Man held guns, drugs, and stolen motorbikes in bid to pay off gambling debt, court hears

Dylan Mooney (26) became addicted to gambling during long stays in hospital while being treated for cystic fibrosis.
Man held guns, drugs, and stolen motorbikes in bid to pay off gambling debt, court hears

Sonya McLean

A man who agreed to hold a semi-automatic pistol, cannabis and two stolen motorbikes in order to pay off a gambling debt has been given a four-year suspended sentence.

Dylan Mooney (26) became addicted to gambling during long stays in hospital while being treated for cystic fibrosis. He continued to gamble once he was discharged, playing online and going to bookmakers.

He ran up a debt of €15,000 and agreed to hold the gun, ammunition, a total of €20,600 worth of cannabis, and two motorbikes to pay off the debt.

Mooney of Sheephill Avenue, Blanchardstown, Dublin pleaded guilty at Dublin Circuit Criminal Court to possession of cannabis resin, cannabis herb, a semi-automatic pistol and two charges of handling stolen property at his home on September 19th, 2017.

He has no previous convictions and has not come to garda attention since his arrest.

Judge Melanie Greally had adjourned the case in January 2019 having heard evidence to allow for the preparation of a probation report. She said she also wanted to ascertain if Mooney's medical condition could be properly treated in a prison regime.

The case was adjourned for four months when Judge Greally noted that the reports before the court indicated that a “custodial environment presents a higher risk of infection than would ordinarily exist.”

Judge Greally said normally such a crime would attract a prison sentence, but said that Mooney's “well-being” should be preserved and “the risk of infection for CF sufferers is a major concern”.

She placed Mooney on a 12-month probation bond during which time he was ordered to engage with both the Probation Service and gambling addiction services.

On Tuesday, Judge Greally was told that Mooney has not come to garda attention since May 2019 and has engaged well with the Probation Service.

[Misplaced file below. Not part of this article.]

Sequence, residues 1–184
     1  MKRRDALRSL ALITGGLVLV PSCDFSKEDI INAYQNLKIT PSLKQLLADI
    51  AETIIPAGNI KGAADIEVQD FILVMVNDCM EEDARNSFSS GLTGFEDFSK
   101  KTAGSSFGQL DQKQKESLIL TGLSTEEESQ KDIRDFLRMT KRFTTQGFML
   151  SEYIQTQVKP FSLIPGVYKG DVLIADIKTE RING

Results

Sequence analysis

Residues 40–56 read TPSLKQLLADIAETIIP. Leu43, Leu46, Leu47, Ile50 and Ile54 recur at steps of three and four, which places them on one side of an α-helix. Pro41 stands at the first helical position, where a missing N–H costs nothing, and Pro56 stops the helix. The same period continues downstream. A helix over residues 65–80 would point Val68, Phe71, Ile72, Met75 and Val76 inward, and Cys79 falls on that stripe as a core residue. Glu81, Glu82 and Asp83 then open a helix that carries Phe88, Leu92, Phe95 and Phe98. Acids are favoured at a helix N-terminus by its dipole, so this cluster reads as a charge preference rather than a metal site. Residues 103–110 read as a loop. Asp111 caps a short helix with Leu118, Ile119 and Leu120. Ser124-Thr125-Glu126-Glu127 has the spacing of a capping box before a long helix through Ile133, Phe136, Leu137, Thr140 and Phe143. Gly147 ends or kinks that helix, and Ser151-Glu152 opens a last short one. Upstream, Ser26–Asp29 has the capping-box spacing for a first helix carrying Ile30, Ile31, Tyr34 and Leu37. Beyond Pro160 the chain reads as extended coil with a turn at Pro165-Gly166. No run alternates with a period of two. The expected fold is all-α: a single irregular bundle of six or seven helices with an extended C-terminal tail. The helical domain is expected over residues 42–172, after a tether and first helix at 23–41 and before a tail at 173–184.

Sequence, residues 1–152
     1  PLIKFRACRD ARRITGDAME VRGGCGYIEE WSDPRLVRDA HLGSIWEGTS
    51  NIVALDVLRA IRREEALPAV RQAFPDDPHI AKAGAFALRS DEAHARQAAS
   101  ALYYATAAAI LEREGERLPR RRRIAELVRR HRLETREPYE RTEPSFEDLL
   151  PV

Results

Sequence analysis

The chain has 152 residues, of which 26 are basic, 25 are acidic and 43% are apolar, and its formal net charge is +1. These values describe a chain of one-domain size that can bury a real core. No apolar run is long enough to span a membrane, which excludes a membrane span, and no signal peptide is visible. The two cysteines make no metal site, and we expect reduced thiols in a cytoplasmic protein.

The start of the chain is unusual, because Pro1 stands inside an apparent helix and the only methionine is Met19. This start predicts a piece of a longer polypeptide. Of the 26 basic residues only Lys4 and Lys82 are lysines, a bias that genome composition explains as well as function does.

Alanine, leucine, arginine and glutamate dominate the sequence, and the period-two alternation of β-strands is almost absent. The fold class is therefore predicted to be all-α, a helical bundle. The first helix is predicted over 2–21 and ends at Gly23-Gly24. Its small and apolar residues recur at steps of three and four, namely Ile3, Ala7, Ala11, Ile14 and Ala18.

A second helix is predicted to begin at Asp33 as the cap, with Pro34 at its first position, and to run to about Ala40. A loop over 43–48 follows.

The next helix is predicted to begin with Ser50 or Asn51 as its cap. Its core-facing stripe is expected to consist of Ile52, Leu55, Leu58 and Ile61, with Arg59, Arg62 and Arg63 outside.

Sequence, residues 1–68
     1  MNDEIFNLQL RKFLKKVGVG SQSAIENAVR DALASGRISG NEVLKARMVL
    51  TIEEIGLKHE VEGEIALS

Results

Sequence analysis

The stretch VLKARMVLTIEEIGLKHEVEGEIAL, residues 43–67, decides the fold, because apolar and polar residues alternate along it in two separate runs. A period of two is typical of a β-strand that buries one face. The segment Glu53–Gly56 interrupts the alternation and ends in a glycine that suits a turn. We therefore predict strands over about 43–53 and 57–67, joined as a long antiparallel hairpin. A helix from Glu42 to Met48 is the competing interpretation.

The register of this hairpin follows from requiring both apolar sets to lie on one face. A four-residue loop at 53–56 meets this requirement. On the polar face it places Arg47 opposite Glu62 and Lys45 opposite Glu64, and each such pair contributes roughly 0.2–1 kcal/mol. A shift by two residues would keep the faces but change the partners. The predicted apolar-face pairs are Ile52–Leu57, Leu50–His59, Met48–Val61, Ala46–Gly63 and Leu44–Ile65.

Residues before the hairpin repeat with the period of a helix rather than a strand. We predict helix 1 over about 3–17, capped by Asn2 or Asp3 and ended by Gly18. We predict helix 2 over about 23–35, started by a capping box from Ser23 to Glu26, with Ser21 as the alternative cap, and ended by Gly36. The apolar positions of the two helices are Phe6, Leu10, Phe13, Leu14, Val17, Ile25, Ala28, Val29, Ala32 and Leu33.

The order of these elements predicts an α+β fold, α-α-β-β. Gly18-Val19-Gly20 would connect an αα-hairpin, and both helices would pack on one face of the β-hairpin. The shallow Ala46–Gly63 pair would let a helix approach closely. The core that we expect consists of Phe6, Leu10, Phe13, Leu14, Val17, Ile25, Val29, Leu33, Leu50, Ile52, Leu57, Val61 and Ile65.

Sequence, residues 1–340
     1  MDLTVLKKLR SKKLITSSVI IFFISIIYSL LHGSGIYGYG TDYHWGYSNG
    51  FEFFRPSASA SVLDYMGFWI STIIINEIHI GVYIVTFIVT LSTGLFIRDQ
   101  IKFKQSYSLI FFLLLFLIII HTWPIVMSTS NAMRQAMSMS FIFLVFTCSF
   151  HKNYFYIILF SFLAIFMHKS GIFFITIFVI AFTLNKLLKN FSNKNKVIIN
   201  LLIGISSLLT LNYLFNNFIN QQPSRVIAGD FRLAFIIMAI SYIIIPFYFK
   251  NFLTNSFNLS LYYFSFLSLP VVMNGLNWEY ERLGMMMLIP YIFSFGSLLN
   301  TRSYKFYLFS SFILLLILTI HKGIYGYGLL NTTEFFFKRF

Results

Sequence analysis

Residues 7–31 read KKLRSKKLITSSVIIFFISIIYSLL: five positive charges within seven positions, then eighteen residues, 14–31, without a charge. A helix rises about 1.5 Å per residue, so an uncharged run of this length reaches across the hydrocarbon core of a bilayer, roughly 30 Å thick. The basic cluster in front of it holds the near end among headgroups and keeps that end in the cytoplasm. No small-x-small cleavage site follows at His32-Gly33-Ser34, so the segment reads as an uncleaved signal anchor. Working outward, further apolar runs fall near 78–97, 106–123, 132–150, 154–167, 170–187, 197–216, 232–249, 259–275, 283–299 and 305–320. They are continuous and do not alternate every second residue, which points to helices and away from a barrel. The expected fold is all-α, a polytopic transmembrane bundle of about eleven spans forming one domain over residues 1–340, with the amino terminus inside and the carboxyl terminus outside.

She said she was taking into account Mooney’s lack of previous convictions, his medical difficulties, his cooperation with the investigation and the fact that he has since addressed his gambling addiction.

Judge Greally sentenced Mooney to four years in prison which she suspended in full on a number of conditions including that Mooney keep the peace and be of good behaviour and engage with the Probation Service for 18 months.

Under pressure

Detective Garda Patrick Ahearne told John Berry BL, prosecuting at the initial sentence hearing, that the house Mooney was living in with his grandfather was searched following a garda tip off.

The gun was found in a shopping bag in a laundry basket in Mooney's bedroom. It was later examined and found to be in good condition. Eight rounds of ammunition were also recovered which were compatible with the pistol and a single shotgun cartridge.

Det Gda Ahearne said the drugs were discovered in a safe hidden in the attic of the house. Gardaí forced the lock open and found 619 grams of cannabis herb and 1.3kg of cannabis resin.

Mooney accepted responsibility for the firearm and ammunition, telling gardaí that he had been given them by men he owed money to due to his gambling addiction. He said the safe had been delivered the previous day, and he had assisted the men in placing it in the attic.

He claimed he initially believed that the firearm was drugs but later looked in the bag and discovered it was a gun. He said he asked for it to be collected but was told he would have to keep it.

Mooney told gardaí in interview that he didn't know what was in the safe “for certain” but he suspected it was drugs.

The motorbikes were both valued at around €1,750. Mooney said they had been placed in his grandfather's garden two or three months previously by the same people who left the gun and drugs.

He said he had asked if the bikes had been stolen, but he was told they hadn't and the owners just didn't have the space at their own home to store them.

Det Gda Ahearne agreed that Mooney said he had never sold drugs. He accepted that he “came under pressure” because of his gambling debt and came from a decent supportive family.

Det Gda Ahearne accepted a suggestion from Simon Matthews BL, defending, that Mooney was a vulnerable person who had spent many years of his childhood in hospital being treated for his medical condition.

He further accepted that he first got into gambling on his phone during those long stays in hospital.

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